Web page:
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Wednesday, October 5, 2022
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Wednesday, October 5, 2022
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    Rocking the boat

    UNITED KINGDOM (AFP) – Greenpeace United Kingdom (UK) said last Friday it had dropped 18 large boulders on the seabed in a marine conservation zone off the coast of southwest England to prevent “destructive” industrial fishing.

    The environmental campaigners sailed to the western part of the Channel between the UK and France, loaded with the boulders of Portland limestone, each weighing between 500 and 1,400 kilogrammes.

    The giant rocks were dropped last Thursday from its Arctic Sunrise research vessel in an area of the South West Deeps (East) Conservation Zone, which lies some 190 kilometres off Land’s End, the most westerly point of mainland England.

    “We are placing large limestone boulders on the seabed to create a protective underwater barrier which will put the area off limits to destructive fishing,” UK oceans campaigner Anna Diski told AFP on board.

    The action would make it “impossible for them to drag the heavy fishing gear along the seabed, destroying the habitat and disturbing the carbon”, she added.

    ABOVE & BELOW: The Greenpeace ship Arctic Sunrise heads out to sea loaded with the boulders of Portland limestone; and a boulder is lifted before being dropped into the sea. PHOTOS: AP

    ABOVE & BELOW: Activists prepare a boulder; and a boulder is dropped into the sea from the Arctic Sunrise

    Artists created a giant ammonite sculpture – inspired by the fossil often found in Portland limestone – out of one of the boulders, which was also placed on the seabed.

    The names of the action’s celebrity backers and supportive politicians were also inscribed on the rocks.

    “Right now, there’s an industrial fishing frenzy happening in UK waters, and what’s our government doing about it?” asked Greenpeace UK’s Head of Oceans Will McCallum.

    “Greenpeace UK has created this underwater boulder barrier as a last resort to protect the oceans. We’d much rather the government just did their job.”

    McCallum said it was “outrageous” that bottom-trawlers are allowed to operate on the seabed in protected areas.

    “They destroy huge swathes of the marine ecosystem and make a mockery of our so-called ‘protection’,” he added.

    The action comes after the latest round of United Nations (UN) talks to try to secure protection for marine life in international waters broke up without agreement.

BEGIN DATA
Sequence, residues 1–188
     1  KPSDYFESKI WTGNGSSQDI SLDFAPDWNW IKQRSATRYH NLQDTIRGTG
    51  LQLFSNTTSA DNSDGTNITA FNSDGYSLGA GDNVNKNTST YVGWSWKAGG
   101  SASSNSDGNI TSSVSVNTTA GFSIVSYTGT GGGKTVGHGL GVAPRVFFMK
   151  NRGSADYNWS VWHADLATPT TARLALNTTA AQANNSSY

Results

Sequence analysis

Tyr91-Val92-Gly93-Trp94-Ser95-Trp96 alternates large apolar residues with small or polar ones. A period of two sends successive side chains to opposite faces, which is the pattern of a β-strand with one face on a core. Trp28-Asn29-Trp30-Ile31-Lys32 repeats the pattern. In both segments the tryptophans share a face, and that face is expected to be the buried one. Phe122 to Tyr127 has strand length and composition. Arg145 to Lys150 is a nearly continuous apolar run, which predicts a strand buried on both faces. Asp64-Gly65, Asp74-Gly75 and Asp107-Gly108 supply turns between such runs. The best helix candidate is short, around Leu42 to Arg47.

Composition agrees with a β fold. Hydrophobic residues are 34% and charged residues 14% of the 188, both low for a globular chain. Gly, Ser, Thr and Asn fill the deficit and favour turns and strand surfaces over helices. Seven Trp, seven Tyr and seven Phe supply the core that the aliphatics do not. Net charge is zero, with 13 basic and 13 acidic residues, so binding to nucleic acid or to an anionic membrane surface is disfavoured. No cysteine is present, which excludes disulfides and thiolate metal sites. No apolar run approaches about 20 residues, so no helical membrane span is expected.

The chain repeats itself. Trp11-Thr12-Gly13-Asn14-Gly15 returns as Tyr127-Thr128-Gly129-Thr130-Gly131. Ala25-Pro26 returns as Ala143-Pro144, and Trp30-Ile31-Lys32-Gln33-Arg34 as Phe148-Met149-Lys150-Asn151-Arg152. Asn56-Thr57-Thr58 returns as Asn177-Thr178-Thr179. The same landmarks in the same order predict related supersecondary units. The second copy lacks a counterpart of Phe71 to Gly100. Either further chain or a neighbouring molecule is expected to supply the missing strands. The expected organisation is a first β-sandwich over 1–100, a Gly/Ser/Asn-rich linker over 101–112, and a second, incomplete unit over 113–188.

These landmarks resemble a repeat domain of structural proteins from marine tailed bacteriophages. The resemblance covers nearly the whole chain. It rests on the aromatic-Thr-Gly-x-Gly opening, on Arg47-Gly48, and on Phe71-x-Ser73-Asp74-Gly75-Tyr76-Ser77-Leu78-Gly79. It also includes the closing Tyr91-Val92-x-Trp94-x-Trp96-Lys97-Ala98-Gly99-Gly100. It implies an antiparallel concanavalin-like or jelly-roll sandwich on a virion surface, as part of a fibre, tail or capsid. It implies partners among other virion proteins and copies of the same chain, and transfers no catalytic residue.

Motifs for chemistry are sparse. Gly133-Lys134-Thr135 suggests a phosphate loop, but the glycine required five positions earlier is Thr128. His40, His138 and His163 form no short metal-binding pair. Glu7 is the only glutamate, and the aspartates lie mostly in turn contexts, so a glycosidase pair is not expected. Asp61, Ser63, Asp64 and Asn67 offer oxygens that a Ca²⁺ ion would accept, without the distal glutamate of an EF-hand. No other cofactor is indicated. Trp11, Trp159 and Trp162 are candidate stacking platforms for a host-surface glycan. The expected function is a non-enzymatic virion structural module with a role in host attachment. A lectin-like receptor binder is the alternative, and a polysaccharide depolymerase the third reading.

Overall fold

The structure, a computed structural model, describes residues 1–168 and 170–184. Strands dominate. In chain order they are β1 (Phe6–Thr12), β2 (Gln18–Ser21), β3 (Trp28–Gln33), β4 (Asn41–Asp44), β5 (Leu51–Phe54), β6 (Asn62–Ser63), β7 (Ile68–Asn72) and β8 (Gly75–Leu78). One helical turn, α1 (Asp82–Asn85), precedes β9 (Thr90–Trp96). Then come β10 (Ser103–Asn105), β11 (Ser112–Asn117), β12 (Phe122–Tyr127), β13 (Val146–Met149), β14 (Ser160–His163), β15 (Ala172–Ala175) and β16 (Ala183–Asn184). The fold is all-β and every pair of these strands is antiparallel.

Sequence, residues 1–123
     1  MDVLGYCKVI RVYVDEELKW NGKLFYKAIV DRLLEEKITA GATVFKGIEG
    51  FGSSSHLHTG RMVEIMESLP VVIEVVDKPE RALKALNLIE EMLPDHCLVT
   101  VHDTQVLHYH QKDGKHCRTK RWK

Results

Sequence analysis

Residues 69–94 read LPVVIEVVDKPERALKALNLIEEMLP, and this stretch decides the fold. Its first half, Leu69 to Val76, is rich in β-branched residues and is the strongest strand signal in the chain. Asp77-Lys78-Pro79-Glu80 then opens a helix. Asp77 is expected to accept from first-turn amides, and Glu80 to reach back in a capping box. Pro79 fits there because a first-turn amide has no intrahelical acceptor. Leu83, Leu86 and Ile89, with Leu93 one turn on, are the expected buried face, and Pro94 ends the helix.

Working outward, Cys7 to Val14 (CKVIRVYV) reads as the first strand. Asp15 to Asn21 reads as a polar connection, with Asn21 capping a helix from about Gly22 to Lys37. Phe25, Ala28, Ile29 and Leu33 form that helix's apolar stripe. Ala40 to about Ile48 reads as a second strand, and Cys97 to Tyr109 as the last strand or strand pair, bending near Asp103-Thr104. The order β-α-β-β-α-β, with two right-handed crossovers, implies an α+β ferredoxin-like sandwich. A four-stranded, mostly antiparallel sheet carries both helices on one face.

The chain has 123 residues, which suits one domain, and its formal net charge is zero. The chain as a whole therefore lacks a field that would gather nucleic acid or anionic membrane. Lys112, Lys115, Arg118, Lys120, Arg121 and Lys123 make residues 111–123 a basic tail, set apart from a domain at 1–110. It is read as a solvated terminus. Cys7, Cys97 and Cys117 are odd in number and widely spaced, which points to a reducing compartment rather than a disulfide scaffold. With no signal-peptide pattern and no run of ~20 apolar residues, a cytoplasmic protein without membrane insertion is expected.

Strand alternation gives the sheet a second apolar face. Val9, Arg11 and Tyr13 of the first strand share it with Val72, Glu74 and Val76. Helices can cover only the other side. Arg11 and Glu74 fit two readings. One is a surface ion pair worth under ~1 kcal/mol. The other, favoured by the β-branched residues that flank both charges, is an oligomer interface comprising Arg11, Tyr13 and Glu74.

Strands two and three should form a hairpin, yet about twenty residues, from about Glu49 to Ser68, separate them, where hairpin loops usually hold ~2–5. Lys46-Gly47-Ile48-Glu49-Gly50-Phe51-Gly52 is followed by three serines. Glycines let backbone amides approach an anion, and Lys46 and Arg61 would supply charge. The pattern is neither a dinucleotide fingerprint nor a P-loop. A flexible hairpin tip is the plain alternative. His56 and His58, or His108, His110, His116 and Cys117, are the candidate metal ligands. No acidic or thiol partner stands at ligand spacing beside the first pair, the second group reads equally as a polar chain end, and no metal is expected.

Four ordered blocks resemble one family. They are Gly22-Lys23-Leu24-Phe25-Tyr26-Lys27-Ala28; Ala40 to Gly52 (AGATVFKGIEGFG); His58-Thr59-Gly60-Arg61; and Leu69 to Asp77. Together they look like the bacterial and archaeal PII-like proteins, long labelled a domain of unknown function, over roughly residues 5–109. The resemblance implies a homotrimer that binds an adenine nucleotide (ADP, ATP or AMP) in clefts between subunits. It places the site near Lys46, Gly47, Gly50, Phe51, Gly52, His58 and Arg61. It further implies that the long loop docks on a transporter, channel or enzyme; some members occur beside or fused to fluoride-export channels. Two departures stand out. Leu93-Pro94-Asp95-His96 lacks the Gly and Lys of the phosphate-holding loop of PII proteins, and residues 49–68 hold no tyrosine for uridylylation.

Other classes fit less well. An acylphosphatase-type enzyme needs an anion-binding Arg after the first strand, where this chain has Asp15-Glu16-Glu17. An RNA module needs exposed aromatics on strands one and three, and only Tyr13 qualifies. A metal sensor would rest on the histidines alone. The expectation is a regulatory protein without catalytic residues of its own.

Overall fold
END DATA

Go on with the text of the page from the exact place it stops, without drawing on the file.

Greenpeace said the 4,600-square-kilometre South West Deeps is “one of the most heavily fished so-called Marine Protected Areas in the UK”.

    It cited figures from the Global Fishing Watch monitoring agency that said that 110 vessels – more than half of them from France – fished for 18,928 hours in area in the 18 months to July.

    Of that, industrial vessels with bottom-towed fishing gear spent 3,376 hours fishing in the zone.

    Bottom-trawling is only banned in four out of the UK’s 76 offshore Marine Protected Areas, and the government is consulting over the possible bans in a further 13.

    “The problem is that the majority of the UK’s MPAs don’t have any actual protection at all,” said Jasmine Watkiss, one of those on board the Arctic Sunrise.

    “The government needs to get serious about ocean protection before it’s too late.

    “The next prime minister should ban industrial fishing in all of the UK’s Marine Protected Areas by tweaking commercial fishing licences,” she added.

    Fisherman Neil Whitney from East Sussex in southern England said bottom-trawling was “like ploughing a combine harvester through a national park”.

    “They’re able to take out entire ecosystems, and if they cause a fishery to collapse, they just move on to the next one,” he added.

    “Industrial fishing, like fly-shooters (vessels which tow lead-weighted ropes along the seabed) and supertrawlers (trawlers over 100 metres long), are killing our marine environment, and small-scale UK fishermen like me are losing out big time.”

    He said it was “absurd” that bottom-trawling was legal in MPAs. “MPAs are supposed to be the areas where fish stocks can recover, so that we fish for generations to come.

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